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Hoffmann, R. A wiki for the life sciences where authorship matters. Nature Genetics (2008)

Activation of TRAF5 and TRAF6 signal cascades negatively regulates the latent replication origin of Epstein-Barr virus through p38 mitogen-activated protein kinase.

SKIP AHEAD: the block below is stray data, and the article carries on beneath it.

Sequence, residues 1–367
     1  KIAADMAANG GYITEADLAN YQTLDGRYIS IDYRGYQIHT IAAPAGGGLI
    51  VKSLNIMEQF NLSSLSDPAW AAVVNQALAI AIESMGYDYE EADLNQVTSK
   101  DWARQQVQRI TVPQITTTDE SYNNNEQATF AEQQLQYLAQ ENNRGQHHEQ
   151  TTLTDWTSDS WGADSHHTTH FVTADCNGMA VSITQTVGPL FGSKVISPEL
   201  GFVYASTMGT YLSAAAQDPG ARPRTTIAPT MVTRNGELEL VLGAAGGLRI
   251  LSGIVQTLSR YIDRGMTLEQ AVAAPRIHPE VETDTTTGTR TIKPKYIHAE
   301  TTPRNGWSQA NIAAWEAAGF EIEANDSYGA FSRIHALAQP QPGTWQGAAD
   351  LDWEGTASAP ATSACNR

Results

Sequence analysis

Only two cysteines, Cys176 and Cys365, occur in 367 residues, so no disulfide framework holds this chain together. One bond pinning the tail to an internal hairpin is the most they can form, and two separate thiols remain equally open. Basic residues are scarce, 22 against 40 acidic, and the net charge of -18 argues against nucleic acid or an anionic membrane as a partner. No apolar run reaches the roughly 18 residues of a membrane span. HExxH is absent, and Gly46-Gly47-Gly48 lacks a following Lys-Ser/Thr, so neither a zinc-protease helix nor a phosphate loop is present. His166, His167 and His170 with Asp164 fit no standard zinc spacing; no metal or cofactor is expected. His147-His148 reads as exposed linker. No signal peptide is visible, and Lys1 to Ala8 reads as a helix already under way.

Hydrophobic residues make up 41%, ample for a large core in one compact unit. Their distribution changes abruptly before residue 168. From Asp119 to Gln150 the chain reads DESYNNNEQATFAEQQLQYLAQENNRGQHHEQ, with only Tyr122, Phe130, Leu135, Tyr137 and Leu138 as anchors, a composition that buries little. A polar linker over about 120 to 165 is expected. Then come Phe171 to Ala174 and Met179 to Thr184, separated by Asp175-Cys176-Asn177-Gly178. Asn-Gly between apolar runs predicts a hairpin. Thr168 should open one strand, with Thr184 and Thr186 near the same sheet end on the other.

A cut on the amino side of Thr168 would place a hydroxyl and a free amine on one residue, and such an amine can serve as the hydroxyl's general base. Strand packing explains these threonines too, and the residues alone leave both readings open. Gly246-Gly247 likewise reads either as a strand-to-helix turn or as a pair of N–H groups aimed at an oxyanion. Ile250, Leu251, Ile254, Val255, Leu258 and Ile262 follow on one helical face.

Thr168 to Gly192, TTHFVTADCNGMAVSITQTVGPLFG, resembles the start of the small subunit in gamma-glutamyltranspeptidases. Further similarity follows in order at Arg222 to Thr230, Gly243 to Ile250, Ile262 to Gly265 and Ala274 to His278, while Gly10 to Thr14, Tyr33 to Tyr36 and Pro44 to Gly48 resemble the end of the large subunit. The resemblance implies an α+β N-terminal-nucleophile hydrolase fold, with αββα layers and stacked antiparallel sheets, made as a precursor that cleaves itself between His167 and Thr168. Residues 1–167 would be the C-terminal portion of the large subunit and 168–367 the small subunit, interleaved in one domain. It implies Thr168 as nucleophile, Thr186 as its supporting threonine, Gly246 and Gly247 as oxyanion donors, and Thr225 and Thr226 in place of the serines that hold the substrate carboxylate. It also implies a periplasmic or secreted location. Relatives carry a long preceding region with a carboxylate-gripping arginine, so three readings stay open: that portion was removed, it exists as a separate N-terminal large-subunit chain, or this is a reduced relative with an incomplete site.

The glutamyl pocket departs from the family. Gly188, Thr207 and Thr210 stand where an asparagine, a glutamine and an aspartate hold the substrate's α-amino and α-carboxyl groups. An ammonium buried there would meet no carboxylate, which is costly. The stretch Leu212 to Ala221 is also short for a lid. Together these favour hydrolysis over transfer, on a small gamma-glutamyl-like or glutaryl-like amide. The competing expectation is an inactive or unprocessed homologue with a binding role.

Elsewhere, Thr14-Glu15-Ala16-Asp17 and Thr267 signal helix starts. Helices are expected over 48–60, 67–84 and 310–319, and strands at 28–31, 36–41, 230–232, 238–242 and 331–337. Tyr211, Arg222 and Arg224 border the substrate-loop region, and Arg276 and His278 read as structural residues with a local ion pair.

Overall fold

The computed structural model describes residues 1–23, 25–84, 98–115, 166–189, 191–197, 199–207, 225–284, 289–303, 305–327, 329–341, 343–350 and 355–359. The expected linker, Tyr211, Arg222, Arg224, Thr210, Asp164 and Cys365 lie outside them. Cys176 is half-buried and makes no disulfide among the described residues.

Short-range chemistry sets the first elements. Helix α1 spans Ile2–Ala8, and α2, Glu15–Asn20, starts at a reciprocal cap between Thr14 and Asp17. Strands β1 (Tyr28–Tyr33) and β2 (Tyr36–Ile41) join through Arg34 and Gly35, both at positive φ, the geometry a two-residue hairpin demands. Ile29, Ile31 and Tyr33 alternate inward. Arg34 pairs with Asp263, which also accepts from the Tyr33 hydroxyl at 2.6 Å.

Latent Epstein-Barr virus (EBV) is maintained by the virus replication origin oriP that initiates DNA replication with the viral oriP-binding factor EBNA1. However, it is not known whether oriP's replicator activity is regulated by virus proteins or extracellular signals. By using a transient replication assay, we found that a low level of expression of viral signal transduction activator latent membrane protein 1 (LMP1) suppressed oriP activity. The binding site of the tumor necrosis factor receptor-associated factor (TRAF) of LMP1 was essential for this suppressive effect. Activation of the TRAF signal cascade by overexpression of TRAF5 and/or TRAF6 also suppressed oriP activity. Conversely, blocking of TRAF signaling with dominant negative mutants of TRAF5 and TRAF6, as well as inhibition of a downstream signal mediator p38 MAPK, released the LMP1-induced oriP suppression. Furthermore, activation of TRAF6 signal cascade by lipopolysaccharides (LPS) resulted in loss of EBV from Burkitt's lymphoma cell line Akata, and inhibition of p38 MAPK abolished the suppressive effect of LPS. These results suggested that the level of oriP activity is regulated by LMP1 and extracellular signals through TRAF5- and TRAF6-mediated signal cascades.[1]


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